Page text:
The role of professional organisations in maintaining our tree heritage.

14.00 Dieter Steinegg, Christchurch City Council Arborist
Evaluating the condition of our heritage tree stock. Are we too late? How much time do we have?

14.30 Penny Cliffin, UNITEC, Auckland
Heritage trees at the neighbourhood scale - models of volunteer engagement.

15.00 Afternoon tea

15.30 Bryan Gould, RNZIH Notable Trees Trust.
Update of the RNZIH Notable Trees scheme and the formation of the trust - "Towards a new database and online resource".

16.00 Bryan Gould

Facilitated Discussion:
Finding our existing heritage tree stock. What is the state of our knowledge and our records? Closer linkages between the RNZIH Notable Trees Trust scheme and regional authorities lists. Where to from here?

16.30 Jack Hobbs
Conference summary.

17.00 Symposium closes.

Download Registration Brochure

Download Programme and Abstracts

 

Symposium was sponsored by:

  • Treescape
    Gold Sponsor
Treescape
  • Wellington City Council
    Gold Sponsor
WCC
  • Auckland Botanic Gardens
    Bronze Sponsor
Auckland Botanic Gardens
  • Christchurch City Council
    Lunch Sponsor
CCC
  • Excell
    Delegates Bags
Excell

 

There were other activities at the symposium venue:

RNZIH NZ Gardens Trust Conference
'Blown Away by Gardens'

Date: 9-11 May 2008
Place: Duxton Hotel, Wellington

The fifth NZGT conference was an exciting programme of garden visiting combined with informative lectures by world-renowned designer Vladimir Sittar from Australia, Beverley McConnell of "Ayrlies Garden", Jack Hobbs of Auckland Botanic Gardens, and others. These are always conferences to remember!

Note: Registration for the NZ Gardens Trust Conference was separate to the Heritage Trees - Our Future Heritage Symposium. For further details contact Liz Morrow: morrowl@rnzih.org.nz or visit www.gardens.org.nz

 

RNZIH AGM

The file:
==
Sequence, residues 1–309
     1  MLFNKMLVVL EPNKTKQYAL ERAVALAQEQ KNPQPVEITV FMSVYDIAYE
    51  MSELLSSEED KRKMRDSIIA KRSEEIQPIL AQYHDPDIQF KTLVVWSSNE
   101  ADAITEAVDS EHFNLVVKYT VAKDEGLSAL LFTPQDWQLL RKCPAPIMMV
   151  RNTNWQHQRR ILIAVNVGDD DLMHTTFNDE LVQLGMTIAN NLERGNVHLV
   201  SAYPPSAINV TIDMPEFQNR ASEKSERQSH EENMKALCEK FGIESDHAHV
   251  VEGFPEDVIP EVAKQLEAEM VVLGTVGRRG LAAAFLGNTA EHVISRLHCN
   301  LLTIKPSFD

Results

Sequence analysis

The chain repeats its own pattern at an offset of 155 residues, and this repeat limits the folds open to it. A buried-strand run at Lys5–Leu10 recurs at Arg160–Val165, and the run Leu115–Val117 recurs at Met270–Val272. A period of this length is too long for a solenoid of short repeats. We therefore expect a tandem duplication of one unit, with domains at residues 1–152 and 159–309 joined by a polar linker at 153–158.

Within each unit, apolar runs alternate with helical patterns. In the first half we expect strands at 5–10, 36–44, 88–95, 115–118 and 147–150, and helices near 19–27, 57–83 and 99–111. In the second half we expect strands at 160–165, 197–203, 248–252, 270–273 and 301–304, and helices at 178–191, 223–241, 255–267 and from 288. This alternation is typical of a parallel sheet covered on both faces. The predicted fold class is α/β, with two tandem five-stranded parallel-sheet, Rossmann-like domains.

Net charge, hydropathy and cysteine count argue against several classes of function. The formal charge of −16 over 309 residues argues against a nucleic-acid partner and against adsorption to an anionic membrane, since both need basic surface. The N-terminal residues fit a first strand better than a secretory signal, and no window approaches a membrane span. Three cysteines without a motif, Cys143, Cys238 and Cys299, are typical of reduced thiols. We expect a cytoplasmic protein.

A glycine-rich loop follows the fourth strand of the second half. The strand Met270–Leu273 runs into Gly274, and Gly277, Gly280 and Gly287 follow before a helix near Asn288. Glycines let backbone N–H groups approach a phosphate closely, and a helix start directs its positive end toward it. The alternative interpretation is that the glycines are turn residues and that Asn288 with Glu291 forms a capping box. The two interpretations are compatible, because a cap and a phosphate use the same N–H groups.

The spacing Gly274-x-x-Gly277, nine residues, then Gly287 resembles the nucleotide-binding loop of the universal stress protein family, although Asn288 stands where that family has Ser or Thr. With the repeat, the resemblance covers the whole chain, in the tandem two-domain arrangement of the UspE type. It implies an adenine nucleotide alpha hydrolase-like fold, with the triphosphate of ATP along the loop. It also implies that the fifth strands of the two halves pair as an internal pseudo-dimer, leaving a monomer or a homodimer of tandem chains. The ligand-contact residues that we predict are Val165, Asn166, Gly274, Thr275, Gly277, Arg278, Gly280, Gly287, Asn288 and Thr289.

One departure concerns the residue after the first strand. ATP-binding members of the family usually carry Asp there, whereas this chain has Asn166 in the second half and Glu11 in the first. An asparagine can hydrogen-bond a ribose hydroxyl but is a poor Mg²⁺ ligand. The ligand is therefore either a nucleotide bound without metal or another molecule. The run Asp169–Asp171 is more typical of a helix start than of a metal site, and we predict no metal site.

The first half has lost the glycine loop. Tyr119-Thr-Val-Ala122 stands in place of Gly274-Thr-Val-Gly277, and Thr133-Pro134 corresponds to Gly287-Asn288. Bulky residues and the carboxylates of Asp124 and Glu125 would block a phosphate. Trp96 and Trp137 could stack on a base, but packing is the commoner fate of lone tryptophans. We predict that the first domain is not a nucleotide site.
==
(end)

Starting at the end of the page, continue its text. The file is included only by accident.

Date: Friday, 9 May 2008
Time: 5.30pm
Place: Duxton Hotel, Wellington

 

2008 BANKS MEMORIAL LECTURE (a free lecture open to the public)

"The greatest service which can be rendered any country..."

Date: Friday, 9 May 2008
Time: 6.30-7.30pm
Place: Duxton Hotel, Wellington

By Ross Ferguson

Ross FergusonSir Joseph Banks is best known in New Zealand as the botanist who accompanied Cook on his first great voyage in the Endeavour. Banks, however, was only a young man when he came to New Zealand and his botanical explorations, although interesting to us, represent a relatively small part of his scientific career. When Banks returned to Britain, his wealth, his friendship with George III and his role as President of the Royal Society of London meant that for nearly 40 years he was the British Government's chief scientific adviser. Banks was particularly interested in the practical application of science and as a large landowner, especially enthusiastic in promoting agricultural improvement. Some of his efforts to bring new crops to the British colonies was described. Some of the social and historical consequences of plant introduction was then considered in more detail. The lecture was illustrated by copies of many early prints and paintings.

Read article based on this lecture

 

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Last updated: August 8, 2010